The annual Pensions and Lifetime Savings Association (PLSA) conference in Edinburgh brought together leaders of the pension industry from trustees to investment managers, and addresses the biggest challenges faced by the industry with the aid of key guest speakers and expert knowledge.
This year’s focus was on cost transparency, regulation, and diversity, and below are some of my personal highlights.
Gaining the public’s trust again
The pension industry gaining more public trust was a key theme of the conference, with reference to a focus on cost transparency. Costs are an obviously important issue for investors; however I feel there should be concentration on the best value manager, not the cheapest.
Remembering the financial crisis
Nick Clegg, former Deputy Prime Minster in the years of the financial crisis, was one of the key speakers and discussed the notion that people are already starting to forget the way that imbalances, exposures, and liabilities can brew in a financial system, as during the 2007/8 financial crisis, if left unchecked. I believe he was making reference to senior members of systemically important firms (such as banks) having left their businesses or retired from work, leaving people who did not experience the crisis in their previous positions in charge.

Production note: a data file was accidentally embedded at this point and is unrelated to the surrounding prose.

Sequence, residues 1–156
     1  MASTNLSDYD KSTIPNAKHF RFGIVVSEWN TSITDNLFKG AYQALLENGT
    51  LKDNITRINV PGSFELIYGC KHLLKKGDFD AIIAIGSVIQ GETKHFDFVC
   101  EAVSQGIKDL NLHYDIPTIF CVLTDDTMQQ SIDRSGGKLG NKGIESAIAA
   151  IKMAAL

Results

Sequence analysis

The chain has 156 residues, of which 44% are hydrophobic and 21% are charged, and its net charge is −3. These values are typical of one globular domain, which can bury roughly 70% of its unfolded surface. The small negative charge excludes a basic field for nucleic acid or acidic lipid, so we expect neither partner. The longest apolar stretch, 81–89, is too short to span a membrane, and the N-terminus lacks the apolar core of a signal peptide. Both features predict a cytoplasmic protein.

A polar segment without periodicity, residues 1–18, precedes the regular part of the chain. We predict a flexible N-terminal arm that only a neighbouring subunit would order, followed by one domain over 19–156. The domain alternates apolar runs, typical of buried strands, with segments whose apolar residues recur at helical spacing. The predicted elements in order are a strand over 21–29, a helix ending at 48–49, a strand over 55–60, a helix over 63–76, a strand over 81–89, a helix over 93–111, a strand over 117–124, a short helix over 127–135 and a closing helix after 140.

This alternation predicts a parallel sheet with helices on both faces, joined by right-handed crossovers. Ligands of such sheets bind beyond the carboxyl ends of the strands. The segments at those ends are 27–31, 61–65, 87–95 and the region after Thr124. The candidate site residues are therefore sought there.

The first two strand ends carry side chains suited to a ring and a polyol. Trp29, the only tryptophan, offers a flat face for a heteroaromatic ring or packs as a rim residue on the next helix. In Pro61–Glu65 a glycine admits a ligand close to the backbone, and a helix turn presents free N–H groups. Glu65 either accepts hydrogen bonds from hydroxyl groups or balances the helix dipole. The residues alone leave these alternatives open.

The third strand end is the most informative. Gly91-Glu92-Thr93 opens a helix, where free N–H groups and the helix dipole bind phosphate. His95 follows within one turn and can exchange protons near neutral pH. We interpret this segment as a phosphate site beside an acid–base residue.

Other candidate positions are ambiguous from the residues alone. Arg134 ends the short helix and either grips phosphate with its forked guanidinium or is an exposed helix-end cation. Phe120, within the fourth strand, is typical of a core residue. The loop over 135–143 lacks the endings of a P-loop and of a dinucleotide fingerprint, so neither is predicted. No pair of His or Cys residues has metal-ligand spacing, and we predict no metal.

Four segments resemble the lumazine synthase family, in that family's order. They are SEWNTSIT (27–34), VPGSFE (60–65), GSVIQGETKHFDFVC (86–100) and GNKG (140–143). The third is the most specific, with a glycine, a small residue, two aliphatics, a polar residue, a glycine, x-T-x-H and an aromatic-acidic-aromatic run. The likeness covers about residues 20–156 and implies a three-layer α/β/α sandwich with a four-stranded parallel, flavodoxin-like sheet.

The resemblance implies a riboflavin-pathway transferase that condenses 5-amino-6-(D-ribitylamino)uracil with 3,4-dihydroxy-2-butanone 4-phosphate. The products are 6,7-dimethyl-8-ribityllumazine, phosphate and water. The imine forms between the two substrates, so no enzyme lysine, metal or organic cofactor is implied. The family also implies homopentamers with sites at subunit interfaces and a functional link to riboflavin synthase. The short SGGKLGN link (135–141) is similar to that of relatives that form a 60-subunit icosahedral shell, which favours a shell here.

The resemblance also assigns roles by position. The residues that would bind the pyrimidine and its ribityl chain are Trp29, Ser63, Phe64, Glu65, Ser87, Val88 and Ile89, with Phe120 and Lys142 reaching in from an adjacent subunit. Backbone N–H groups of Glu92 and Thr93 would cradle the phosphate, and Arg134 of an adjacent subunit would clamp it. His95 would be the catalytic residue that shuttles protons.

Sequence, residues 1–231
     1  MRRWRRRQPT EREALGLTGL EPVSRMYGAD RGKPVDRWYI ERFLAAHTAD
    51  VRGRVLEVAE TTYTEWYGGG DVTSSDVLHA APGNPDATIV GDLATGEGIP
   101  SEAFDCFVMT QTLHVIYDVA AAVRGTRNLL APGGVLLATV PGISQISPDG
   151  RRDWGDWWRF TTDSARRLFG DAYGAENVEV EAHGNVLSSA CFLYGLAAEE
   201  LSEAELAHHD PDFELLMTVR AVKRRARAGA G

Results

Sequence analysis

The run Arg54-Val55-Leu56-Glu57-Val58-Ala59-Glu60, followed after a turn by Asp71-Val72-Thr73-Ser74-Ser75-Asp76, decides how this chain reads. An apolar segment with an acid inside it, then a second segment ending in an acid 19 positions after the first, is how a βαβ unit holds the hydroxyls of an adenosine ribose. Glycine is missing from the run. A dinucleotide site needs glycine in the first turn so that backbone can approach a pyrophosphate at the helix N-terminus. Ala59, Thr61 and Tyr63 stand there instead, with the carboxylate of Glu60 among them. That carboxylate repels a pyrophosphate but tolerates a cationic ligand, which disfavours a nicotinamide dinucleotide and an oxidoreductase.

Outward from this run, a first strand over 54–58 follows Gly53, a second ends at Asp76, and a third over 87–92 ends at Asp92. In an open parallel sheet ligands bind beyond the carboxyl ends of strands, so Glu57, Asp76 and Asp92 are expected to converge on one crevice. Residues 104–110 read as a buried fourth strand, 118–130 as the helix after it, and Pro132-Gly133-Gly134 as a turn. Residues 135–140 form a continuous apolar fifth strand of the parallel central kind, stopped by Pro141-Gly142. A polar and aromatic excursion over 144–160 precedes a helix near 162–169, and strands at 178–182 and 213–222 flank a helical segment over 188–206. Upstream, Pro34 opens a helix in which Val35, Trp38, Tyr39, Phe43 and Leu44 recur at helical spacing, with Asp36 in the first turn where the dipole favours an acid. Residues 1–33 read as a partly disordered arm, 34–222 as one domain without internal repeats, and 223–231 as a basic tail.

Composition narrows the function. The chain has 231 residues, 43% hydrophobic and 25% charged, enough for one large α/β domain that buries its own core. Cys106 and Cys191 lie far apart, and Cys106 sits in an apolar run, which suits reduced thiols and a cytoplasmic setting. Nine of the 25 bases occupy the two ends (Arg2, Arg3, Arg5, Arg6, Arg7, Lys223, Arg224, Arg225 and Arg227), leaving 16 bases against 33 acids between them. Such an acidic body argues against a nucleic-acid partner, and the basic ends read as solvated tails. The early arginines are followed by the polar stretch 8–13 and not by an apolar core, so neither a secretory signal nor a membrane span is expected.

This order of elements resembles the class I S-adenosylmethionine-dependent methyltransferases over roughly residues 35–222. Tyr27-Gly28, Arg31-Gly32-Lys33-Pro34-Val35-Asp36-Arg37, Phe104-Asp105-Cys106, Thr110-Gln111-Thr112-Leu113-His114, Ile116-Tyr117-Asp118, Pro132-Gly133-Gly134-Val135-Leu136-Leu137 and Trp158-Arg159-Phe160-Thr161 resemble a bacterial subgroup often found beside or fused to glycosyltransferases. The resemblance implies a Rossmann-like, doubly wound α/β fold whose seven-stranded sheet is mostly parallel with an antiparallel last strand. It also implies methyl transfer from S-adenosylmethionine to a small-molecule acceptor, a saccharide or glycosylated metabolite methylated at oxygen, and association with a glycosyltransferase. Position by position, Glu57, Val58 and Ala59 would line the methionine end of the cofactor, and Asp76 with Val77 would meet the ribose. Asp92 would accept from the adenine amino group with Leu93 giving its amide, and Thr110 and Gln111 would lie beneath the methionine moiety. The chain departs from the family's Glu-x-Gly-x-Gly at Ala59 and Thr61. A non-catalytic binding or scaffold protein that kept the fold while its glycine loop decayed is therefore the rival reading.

The impact of advances in technology
Advances in technology were also alluded to – firms now have access to blockchain technology to help reduce costs trading (although this isn’t yet widely used), however there is concern with this in that firms will need to share information which will probably cause a greater delay than getting the technology.
Ethical/impact investing was mentioned often. Ethical investments are not just about ethical investing, but also about reducing the risk in a portfolio – for example, challenges facing tobacco firms due to increased regulation will reduce sales and therefore share price. Ethical investing is more aligned with long-term investing, allocating to things such as renewable energy.
A panel discussion was held on asset bubbles because of equity markets being at all time highs. It was debated that given the high valuations of equities it would not be unimaginable for the US equity markets to halve in value based on P/E ratios, and counter-argued that other valuation techniques don’t consider them to be overvalued at all. I struggle to see the where the growth in equites will come from given the rise of interest rates in the US.
If you would like to discuss any of the topics or issues raised above you can get in touch with me by phone on 020 3794 0193 or email email@example.com, I’d love to hear from you.